You’ve heard it before. Every golfer has: “Drive for show and putt for dough.”
As a kid I heard this preached to me and it lodged in my mind. Recently, however, Strokes Gained data debunked the axiom and attention and emphasis shifted to the Driver.
The truth is the driver is an important club and the focus it has received is fitting. The shadow of that truth though is the Driver is indeed important but if you want to win tournaments you have to make putts.
It may sounds old-fashioned in the modern day game but a guy who can putt is typically a match for anybody.
On the odd occasion you may find an instance where the player is able to ball-strike his/her way around a balky putter, but the reality is that if you are not holing putts you are likely not contending.
How about we remember this quote?:
“Miss putts and miss cuts.” Add to that, if you want to win you probably have to make every putt inside eight feet over the final nine holes.
Please do understand, I am not discounting the value of long, STRAIGHT driving. In fact I emphasize accurate (and if possible, long) driving to all of my students, because offense begins in the fairway and defense begins in the rough.
As we saw in last week’s PGA Championship, it is possible to play from long wayward drives but that approach is unpredictable at best. Building on the theory of driving it well for success, I will concede that in any given week on the PGA TOUR, the best putter of all of the top ball-strikers is likely to win. Last week that was Collin Morikawa. He struck the ball beautifully (as usual) and he made putts, and timely putts at that.
Morikawa led the field in Stroke Gained Putting. He gained over eight strokes on the greens and parlayed that performance (one of his best on the greens) into his first Major Championship victory.
How about we learn from what our newest Major Champion was up to in a effort to putt that well under pressure? (His coach, Rick Sessinghaus shared some insights):
Posture and Weight Distribution
Collin’s caddy, JJ Jacovak (a good player in his own right -—Div. II National Individual Champion at Chico State) recommended a posture change to Collin in the lead-up to The PGA. Specifically that adjustment was moving 60% of the weight to the front foot to promote a lower arc though impact.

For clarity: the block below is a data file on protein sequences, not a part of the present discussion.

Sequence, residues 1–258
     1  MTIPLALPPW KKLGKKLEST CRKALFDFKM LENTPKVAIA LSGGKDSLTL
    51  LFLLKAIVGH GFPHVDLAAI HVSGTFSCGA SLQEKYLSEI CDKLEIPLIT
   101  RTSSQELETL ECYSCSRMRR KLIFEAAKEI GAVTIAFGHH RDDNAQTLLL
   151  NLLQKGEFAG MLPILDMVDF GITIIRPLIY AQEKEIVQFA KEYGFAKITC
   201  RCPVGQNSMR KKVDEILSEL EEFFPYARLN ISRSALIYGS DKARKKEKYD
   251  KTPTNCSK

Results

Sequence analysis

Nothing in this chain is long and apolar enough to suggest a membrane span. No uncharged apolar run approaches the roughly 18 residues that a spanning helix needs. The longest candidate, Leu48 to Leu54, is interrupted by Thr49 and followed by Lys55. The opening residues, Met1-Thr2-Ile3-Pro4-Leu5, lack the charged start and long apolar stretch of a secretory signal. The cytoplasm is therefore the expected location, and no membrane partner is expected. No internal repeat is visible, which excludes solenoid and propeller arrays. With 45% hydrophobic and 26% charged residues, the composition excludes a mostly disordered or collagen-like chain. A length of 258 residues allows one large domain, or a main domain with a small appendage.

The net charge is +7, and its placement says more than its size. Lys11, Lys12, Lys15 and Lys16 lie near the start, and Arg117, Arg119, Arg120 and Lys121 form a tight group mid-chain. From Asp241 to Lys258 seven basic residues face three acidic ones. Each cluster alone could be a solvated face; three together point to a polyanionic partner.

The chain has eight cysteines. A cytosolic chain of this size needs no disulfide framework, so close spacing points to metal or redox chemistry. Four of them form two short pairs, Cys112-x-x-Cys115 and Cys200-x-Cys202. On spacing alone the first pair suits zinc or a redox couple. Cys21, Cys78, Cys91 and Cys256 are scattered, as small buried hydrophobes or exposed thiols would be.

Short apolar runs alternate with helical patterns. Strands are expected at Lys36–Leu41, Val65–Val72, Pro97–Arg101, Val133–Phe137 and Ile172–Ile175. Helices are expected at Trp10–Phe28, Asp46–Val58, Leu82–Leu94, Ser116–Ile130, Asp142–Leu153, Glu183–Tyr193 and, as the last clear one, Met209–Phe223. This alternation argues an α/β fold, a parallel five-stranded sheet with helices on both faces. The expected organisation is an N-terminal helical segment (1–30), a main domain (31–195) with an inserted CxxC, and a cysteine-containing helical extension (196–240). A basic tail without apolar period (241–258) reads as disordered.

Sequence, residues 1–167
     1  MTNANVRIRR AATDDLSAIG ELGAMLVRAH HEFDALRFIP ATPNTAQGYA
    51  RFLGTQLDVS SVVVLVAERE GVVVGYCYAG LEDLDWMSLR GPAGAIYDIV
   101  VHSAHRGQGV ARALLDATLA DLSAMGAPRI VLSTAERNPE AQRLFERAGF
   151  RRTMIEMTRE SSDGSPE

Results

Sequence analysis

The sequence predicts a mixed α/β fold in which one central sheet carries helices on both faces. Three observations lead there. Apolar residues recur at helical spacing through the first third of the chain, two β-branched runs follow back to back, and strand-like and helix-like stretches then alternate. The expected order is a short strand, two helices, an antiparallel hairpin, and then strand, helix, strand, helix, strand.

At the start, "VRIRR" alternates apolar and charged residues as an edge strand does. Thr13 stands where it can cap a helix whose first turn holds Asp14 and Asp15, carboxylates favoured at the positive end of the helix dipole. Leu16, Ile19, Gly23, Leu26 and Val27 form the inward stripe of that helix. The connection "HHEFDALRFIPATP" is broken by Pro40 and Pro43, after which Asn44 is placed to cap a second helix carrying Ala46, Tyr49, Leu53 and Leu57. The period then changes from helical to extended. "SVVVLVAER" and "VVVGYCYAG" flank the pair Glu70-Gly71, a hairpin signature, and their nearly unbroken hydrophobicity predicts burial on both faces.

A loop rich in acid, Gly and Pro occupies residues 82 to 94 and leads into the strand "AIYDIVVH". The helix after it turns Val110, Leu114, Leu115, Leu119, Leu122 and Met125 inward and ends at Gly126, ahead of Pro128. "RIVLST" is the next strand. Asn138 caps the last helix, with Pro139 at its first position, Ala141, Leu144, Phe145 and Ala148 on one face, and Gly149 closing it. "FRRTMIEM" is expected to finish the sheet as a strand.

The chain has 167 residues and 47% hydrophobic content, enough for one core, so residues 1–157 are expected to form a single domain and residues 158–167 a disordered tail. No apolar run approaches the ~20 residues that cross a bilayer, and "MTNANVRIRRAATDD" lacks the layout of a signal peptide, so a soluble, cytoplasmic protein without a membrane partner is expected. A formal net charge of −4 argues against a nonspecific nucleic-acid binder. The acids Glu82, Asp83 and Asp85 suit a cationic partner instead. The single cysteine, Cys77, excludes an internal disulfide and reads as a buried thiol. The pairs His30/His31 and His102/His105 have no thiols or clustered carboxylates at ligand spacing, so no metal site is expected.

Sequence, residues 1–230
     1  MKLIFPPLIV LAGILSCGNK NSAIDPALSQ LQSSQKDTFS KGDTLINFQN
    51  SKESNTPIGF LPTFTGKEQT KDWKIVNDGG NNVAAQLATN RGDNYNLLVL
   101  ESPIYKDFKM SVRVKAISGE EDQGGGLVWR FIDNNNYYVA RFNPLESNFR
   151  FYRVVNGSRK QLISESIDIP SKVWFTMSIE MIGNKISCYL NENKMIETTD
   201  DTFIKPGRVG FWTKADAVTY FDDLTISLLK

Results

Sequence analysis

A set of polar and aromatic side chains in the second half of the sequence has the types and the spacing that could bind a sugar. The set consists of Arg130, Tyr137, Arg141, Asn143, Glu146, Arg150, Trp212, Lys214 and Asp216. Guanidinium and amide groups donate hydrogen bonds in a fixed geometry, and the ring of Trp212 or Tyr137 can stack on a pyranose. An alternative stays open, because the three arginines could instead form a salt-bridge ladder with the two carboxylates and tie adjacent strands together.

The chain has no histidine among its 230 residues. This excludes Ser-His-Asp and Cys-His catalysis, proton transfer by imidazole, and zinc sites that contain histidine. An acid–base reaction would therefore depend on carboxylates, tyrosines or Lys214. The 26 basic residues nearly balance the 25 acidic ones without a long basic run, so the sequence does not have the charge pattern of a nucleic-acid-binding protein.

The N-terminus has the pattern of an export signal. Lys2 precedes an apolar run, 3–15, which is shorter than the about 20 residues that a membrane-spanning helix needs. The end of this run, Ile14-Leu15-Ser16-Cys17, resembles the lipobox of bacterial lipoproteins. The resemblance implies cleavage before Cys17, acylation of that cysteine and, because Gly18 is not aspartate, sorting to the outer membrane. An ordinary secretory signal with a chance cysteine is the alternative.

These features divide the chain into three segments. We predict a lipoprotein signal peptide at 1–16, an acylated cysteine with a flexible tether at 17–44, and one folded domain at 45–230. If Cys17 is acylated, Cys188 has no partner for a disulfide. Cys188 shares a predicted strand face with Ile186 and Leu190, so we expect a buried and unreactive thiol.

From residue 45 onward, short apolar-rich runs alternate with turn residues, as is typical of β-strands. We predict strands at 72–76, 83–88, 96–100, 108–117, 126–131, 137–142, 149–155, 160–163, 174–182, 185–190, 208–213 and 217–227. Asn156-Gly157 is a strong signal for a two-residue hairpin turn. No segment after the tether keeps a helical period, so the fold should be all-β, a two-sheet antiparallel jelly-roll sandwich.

In the era of trying to “hit up on the ball” to promote a cleaner roll I have seen too many players swinging upward too much. A number of issues, most notably excessive head movement and putts being struck “thin”, arise from this misunderstanding.
Mishit putts will never roll cleanly and/or anywhere close to the intended distance so I advise that you spend time focusing on contact while putting. You can also fiddle with your weight distribution at address. Try moving a little pressure to the front foot – you may be pleasantly surprised how it will stabilize your body and improve your strike.
(Incidentally, it is a tip Gary Player has always stressed to me and he made his share of putts en route to the Hall of Fame.)
Rick Sessinghaus mentioned to me that he and Collin always focus on speed control on mid to long range putts.
This probably sounds trite but it is a highly overlooked key to success. One statistic that I stress to golfers of all stations is “3-Putt Avoidance”, and the easiest way to limit 3-putts is to be really sharp with controlling the speed of the ball.
Practicing short-range putts is worthwhile but, if you show good speed control the speed you will leave yourself shorter second putts, which means less stress. Also, good speed “widens” the hole and your putts that are slightly off the mark will have a better chance of toppling into the cup.
So get out on the putting green and devote some time to rolling long putts to within a three foot circle around the cup. Do it from all ranges and all slopes. Have fun, be creative and do it everyday – your score will manifest your investment quicker than you realize.
Onwards and Upwards.